In many cultures – stereotypically Honor/Shame and Power/Fear, vulnerability is only desirable if it can serve to enhance my honor or extend my power base. For instance, a leader in a Power/Fear oriented environment might decide to be vulnerable in order to test the loyalty or willingness of his or her followers. Will they step into a tricky situation and extend their help and commitment?
So, a leader might say, “This is a very difficult situation for me. I feel I am not coping,” and he or she hopes that those listening - their followers or team members - will say “Don’t worry boss – we have this, we will do this together and go the extra mile.” A leader will have to carefully calculate if it is okay to use vulnerability that way.
Vulnerability always has a purpose. As a facilitator, you can play into these purposes as you invite people to open up. Even in an Innocence/Guilt culture a leader may use openness and vulnerability to model “doing the right thing,” to encourage others to do the same.
How to Help People Toward the Trust Discussion
DiSC and Three Colors of Worldview profiles provide a beautiful way of modeling vulnerability and approaching the Trust discussion indirectly.
In a Three Colors of Worldview workshop for instance, you can invite people to share stories about how the Three Colors of Worldview influenced their upbringing, and how the different drivers shaped them as they grew older. The questions: “How did the Three Colors of Worldview shape you as a kid?” and “How did the Three Colors of Worldview influence your cultural journey through life?” give a framework that allows people to carefully select the type of stories they want to share at the table.
DiSC profiles can be used similarly. When people go through The Five Behaviors of a Cohesive Team™ Powered by Everything DiSC®, we like to use the section where people have a chance to talk about what motivates them and what stresses them out. These are moments of choice where people can decide what to disclose to colleagues, and it usually draws out some level of transparency.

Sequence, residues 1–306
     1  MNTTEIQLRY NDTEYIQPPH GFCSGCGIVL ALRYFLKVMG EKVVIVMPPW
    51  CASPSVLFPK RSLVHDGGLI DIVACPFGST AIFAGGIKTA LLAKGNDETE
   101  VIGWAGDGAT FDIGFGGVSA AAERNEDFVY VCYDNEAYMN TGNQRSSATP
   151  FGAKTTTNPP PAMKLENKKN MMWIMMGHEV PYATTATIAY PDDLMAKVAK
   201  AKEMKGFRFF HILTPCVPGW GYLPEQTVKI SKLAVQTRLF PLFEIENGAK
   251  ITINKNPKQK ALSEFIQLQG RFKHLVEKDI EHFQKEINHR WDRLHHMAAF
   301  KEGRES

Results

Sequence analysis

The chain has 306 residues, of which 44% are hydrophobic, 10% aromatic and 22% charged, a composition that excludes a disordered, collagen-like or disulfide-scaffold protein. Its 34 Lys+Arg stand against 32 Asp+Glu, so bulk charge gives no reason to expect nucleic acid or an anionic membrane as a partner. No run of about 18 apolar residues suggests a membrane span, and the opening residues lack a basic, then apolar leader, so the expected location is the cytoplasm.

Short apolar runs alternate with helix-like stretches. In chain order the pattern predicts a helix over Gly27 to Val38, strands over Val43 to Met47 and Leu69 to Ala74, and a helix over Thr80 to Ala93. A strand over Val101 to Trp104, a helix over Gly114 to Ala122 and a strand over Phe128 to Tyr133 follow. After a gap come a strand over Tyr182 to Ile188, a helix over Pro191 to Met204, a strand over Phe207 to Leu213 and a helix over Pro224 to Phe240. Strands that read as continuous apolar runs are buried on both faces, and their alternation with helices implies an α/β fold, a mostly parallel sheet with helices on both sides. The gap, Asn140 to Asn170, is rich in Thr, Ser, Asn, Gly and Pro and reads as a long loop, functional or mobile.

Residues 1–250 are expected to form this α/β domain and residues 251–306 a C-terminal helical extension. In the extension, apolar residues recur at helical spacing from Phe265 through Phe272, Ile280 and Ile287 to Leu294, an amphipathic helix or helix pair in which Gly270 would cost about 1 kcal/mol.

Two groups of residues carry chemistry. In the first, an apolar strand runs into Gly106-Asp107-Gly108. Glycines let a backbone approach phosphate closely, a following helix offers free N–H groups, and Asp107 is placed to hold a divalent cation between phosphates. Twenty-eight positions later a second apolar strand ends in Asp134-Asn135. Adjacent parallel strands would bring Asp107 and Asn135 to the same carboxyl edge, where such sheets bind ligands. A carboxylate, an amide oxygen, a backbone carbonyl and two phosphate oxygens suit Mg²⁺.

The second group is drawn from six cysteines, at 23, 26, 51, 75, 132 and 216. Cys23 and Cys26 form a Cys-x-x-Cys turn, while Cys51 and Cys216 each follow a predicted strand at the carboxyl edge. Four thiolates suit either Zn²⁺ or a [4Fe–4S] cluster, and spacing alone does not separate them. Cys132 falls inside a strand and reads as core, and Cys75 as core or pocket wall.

We call this using a “third voice” in the room. The third voice says something about a person through the DiSC or Three Colors of Worldview profile. He or she is then able to interact with it. In every culture, we’ve found that the level of sharing from this method is much deeper than with an open-ended question like “tell a story about a significant moment in your life.” People feel more comfortable and safe to share.
Another tool that can be useful for these door-opening conversations is a deck of cards called Trust Cards, available from the Bader Group in California. The deck has 32 cards with trust-building behaviors and 32 cards with trust-breaking behaviors. It provides a structured way of talking about trust using the language of behaviors. We have found these to be well understood in any culture. We let people choose three trust-builders and three trust-breakers that are most important for them to interact with. These cards provide another flexible option for a third voice in the room.
If at all possible, check with the team leader and see if he or she is willing to lead the way. You might need to coach them a bit and tell them “Here is my objective with your team, here’s what we’re trying to achieve.” If you set the leader up for success with quick conversations on the sidelines around your activities, it will be a powerful model and invitation for the rest of the team to follow.
We hope these suggestions have sparked some ideas for you. Our next article will share tips for facilitating around the topic of Conflict – the second of The Five Behaviors of a Cohesive Team™.